This is an email (with revisions since) that I sent to our two CA Senators and our Representative:
I urge you to take an active role in the reform of our health care system. The cost is excessive, our care is not the best, and we need to cover all people.
I want it to allow people to keep the plans they have or to sign up for a public option. I want the public option to build on the success of Medicare and Medicaid.
I want the insurance companies to be more effectively regulated, so that plans are portable, people cannot be excluded for pre-existing conditions, or their claims rejected for minor technicalities, or dropped because of health problems.
I want the plan to cover all citizens, with a limit on out-of-pocket contributions, perhaps based on income level. Essential medical services should be available to undocumented aliens at costs that are lower than emergency room visits.
There is no question that expanding medical coverage will be costly. But perhaps only in the short run.
I am in favor of encouraging multi-specialty clinics with doctors on salary. The Mayo and Cleveland Clinics operate this way, and are renowned for excellent care. The Fee-for-Services approach is an irresistible temptation for many doctors to order procedures that are only marginally justifiable.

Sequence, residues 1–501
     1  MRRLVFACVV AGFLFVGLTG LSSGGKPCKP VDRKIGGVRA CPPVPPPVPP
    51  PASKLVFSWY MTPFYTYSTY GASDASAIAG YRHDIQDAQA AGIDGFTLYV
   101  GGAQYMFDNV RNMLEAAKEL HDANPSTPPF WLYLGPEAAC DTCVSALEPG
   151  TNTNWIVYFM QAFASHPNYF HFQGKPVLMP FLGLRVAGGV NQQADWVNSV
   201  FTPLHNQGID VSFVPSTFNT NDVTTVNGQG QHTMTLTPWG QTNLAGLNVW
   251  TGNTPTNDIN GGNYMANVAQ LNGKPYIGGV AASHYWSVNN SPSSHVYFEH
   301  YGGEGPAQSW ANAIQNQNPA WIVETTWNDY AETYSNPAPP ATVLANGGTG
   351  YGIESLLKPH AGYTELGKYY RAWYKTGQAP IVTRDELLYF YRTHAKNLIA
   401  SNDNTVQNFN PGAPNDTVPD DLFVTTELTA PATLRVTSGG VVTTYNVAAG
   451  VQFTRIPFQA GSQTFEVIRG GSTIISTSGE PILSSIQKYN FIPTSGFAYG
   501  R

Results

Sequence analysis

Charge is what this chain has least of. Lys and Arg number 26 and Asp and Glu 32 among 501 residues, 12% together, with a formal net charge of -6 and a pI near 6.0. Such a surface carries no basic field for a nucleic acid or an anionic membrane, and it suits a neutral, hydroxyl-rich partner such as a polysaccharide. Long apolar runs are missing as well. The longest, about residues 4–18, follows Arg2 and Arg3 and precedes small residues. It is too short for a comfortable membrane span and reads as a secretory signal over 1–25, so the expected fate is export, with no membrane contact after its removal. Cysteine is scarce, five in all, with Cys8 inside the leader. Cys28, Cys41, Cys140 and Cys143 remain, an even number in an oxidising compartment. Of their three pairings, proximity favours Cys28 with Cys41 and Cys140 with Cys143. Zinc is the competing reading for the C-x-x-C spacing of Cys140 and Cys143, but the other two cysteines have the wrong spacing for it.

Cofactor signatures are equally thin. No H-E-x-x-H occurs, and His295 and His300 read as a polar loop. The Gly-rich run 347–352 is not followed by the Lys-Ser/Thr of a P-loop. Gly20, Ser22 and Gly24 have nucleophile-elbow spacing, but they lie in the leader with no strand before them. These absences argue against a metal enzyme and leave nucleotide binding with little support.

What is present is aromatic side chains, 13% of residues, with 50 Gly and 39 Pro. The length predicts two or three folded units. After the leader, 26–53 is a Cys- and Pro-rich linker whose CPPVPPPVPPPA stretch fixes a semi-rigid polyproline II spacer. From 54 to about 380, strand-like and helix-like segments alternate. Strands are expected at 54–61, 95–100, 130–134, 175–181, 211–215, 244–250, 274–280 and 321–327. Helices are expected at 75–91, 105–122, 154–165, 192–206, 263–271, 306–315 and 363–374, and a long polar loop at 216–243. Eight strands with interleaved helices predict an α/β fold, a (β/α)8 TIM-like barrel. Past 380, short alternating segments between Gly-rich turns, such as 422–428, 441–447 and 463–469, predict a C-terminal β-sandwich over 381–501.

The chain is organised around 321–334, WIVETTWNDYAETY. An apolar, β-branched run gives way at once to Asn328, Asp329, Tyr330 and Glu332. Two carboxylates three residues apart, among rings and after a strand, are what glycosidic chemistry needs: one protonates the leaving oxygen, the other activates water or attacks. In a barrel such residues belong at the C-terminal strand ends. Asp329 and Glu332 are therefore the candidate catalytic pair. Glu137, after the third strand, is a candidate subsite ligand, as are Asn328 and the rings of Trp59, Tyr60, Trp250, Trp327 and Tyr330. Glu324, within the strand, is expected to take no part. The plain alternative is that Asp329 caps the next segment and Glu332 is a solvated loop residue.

The plan should provide for limits on malpractice insurance awards and premiums in such a way as to limit excessive defensive medical practices.
I realize that reform will be costly in the short term, but as cost controls and more efficient methods are developed over the years, we should be able to bring costs in line with other countries.
Health care reform should include provisions to monitor and make public the quality of health care based on results. This should apply to facilities and physicians.
Incentives for preventive medicine should be a part of the plan. This will both reduce the cost of health care and improve the quality of people’s lives.
I urge you to resist the poisonous partisanship that seems to be destroying Congress’ ability to legislate effectively. Barack Obama is doing his best to lead Congress towards constructive practices and legislation, and I hope you will support him in that. It will be a tragedy if health reform is further delayed. This is our main chance.
Insurance and pharmaceutical companies seem to be leading the resistance to effective health care reform. I urge you to resist the pressures to delay reform.